Steering wheels are an addiction. Now that I have a hub on Bucky, the addiction just grows. In the last 6 months, I think Bucky has worn every steering wheel in the collection. I’ve had too much fun swapping around.
I found this lovely Nardi Gara Sport on yahoo Japan for a nice price. I bought, waited a few days, and it arrived on my doorstep all eager to be installed. I’m a sucker for D-cut steering wheels.
I’ve never had a plastic Nardi horn button before. I’d honestly never seen one. The metal style like is used on my Classico is much more common. But this one is in pretty good shape, has a nice shine, and matches the wheel well. I will use it!
The wheel itself had some leather wear. Not bad wear, just some of the dye being rubbed away after years of use. The leather itself was in great shape. So… I did my thing.
I’ve now restored a handful of steering wheels. I’m up to four as of this posting. It’s pretty easy work and quite enjoyable. Nothing like buffing the leather after applying fresh dye and watching the shine come out.
The restoration steps were the same I used before – strip, dye, seal. The Nardi leather is a lot softer and thinner than the Momo leather I’ve encountered. Sealing it produced a very glossy surface. After a couple days use, I didn’t like it, so I re-stripped and re-re-dyed. This time, I didn’t use any sealer on top. The results were great!
I really dig the D-shape. And the anatomic hand holds on the wheel are perfectly placed. 3 and 9 have great hand holds that assist you in NOT locking your thumb around the wheel. It feels great.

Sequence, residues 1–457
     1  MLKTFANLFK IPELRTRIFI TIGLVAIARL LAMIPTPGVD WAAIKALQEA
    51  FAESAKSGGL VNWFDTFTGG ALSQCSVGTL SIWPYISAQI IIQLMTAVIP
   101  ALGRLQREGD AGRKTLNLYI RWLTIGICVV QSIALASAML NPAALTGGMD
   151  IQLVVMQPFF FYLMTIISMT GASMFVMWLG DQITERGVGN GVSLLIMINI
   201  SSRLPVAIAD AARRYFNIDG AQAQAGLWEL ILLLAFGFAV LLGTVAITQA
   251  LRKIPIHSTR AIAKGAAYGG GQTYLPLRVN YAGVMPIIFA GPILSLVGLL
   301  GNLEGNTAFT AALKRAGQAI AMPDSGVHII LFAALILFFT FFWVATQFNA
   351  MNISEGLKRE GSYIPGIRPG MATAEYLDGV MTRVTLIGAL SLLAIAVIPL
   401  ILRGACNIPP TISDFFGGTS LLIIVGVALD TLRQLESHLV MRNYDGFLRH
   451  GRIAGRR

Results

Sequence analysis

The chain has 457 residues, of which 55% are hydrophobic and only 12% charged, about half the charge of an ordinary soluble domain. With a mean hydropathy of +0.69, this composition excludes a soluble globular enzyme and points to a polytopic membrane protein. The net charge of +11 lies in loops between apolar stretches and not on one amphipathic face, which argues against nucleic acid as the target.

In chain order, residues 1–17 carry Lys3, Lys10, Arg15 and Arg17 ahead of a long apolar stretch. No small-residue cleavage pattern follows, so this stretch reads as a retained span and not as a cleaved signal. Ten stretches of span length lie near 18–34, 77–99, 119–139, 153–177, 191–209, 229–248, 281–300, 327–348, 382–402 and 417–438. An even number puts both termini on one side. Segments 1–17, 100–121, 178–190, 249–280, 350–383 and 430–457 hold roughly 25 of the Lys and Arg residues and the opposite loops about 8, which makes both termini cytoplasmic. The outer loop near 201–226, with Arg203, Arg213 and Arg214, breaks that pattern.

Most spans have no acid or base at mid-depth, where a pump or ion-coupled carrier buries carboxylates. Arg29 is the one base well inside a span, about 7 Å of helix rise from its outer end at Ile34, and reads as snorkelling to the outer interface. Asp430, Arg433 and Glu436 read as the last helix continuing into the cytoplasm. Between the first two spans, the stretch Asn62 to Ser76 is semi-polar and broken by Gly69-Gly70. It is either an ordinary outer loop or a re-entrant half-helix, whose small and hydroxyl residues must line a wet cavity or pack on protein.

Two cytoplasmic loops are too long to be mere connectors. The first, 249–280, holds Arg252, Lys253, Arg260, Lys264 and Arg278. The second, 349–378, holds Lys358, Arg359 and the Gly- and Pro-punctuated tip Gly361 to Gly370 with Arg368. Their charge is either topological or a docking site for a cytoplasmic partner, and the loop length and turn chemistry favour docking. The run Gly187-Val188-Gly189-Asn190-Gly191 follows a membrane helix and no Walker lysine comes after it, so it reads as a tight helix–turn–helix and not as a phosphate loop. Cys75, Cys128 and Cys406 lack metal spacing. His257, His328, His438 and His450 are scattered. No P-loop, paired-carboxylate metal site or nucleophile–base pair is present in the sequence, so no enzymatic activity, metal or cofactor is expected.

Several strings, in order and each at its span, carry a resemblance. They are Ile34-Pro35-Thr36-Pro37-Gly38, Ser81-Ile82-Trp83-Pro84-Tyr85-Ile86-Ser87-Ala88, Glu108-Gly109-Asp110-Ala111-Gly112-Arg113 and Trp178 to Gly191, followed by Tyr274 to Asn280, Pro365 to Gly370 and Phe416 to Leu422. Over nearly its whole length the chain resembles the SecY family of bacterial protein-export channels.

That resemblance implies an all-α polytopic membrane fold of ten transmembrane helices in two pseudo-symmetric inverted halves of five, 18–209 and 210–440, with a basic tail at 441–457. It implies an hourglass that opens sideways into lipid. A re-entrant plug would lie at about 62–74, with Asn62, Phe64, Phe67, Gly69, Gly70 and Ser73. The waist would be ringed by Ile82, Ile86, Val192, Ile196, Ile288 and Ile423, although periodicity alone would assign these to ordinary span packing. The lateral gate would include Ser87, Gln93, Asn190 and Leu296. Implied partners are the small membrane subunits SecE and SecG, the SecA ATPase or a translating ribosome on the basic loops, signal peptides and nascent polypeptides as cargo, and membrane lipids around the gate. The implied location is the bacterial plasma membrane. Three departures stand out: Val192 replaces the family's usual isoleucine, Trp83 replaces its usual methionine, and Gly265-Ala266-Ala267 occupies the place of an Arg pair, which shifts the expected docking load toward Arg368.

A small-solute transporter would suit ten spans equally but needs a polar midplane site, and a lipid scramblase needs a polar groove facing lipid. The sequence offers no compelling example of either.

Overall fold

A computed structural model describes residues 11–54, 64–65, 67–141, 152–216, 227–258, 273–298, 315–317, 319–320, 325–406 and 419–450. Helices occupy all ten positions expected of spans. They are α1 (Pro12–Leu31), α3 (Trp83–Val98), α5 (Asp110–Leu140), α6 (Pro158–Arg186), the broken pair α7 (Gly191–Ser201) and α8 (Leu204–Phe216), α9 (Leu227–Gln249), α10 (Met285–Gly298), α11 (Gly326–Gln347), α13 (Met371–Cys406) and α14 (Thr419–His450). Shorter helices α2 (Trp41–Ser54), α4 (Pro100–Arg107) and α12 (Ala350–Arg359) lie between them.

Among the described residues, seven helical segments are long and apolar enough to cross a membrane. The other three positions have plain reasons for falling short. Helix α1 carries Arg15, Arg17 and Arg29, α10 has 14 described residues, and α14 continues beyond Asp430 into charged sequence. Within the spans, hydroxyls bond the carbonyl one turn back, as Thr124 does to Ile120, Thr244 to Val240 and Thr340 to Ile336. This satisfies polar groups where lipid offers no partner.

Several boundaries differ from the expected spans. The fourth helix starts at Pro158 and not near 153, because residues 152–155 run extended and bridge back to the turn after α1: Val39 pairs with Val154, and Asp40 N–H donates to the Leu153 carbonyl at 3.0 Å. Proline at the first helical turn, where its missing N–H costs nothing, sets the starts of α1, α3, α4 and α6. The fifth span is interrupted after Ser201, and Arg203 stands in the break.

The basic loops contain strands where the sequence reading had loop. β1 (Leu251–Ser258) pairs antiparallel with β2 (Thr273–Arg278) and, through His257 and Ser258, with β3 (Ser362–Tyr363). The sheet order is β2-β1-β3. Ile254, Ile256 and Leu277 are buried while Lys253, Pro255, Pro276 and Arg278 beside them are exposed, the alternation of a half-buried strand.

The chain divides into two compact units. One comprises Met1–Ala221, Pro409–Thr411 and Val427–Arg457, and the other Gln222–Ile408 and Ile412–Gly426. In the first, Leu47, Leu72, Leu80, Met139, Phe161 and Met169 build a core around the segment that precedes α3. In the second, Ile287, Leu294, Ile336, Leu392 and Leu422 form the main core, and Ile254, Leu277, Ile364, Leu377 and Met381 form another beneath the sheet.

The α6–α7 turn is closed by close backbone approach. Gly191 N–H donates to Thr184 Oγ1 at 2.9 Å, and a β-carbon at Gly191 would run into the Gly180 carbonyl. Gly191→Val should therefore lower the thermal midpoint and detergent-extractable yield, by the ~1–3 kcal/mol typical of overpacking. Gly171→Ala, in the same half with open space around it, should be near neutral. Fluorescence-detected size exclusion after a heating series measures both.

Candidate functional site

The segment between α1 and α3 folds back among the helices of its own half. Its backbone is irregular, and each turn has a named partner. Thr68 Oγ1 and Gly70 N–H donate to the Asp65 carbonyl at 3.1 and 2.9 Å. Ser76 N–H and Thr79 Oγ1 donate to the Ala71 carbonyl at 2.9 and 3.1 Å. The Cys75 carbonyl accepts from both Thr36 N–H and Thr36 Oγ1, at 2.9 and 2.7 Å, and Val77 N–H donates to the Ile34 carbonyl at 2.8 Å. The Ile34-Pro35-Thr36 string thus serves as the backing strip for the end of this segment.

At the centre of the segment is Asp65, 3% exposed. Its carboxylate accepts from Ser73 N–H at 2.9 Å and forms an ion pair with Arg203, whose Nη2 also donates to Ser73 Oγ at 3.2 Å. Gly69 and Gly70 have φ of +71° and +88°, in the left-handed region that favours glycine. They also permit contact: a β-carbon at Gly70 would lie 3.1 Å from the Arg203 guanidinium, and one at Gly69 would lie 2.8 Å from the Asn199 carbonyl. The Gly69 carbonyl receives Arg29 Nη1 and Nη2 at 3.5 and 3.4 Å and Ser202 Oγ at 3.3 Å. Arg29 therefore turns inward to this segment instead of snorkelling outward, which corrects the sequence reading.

Not sure why I’ve not seen more of these. I don’t believe the Gara Sport is a rare wheel at all. It just seems like they’re not often installed on Miatas.
Did you notice the gauges peeking out from behind the wheel?
I last changed out Bucky’s gauges in March of 2013. That’s nearly a year and a half! That’s an eternity for Bucky. The previous year, I installed FOUR sets of gauges.
Anyways, this set, called Version Circuit, is one that’s been percolating in my head for a while. I saw the red wedge on something… a Spyker? and was impressed. Then I spent a few weeks drawing different gauge scales and swapping number styles around until I was happy with them.
It’s really all about that red wedge. It’s huge, bright, easy to see, and starts slightly before the 7000 mark. That lets you get into it a bit before shifting. They’re designed for maximum usability on the track, but with some modern style.
No need for bland gauges in your track car. And they’re up on the store for ordering.
It’s a bit of a change, buying parts especially for Bucky. Designing gauges for Bucky. Thinking of upgrades for Bucky. Ignoring the whimpers from the other garage bay. (Sharka is displeased with this whole paragraph.)
This little car is becoming more than a daily driver. Is that a good thing? Probably not, but I sure am enjoying this little car lately.
Bucky only had to wait 11 years for it to happen.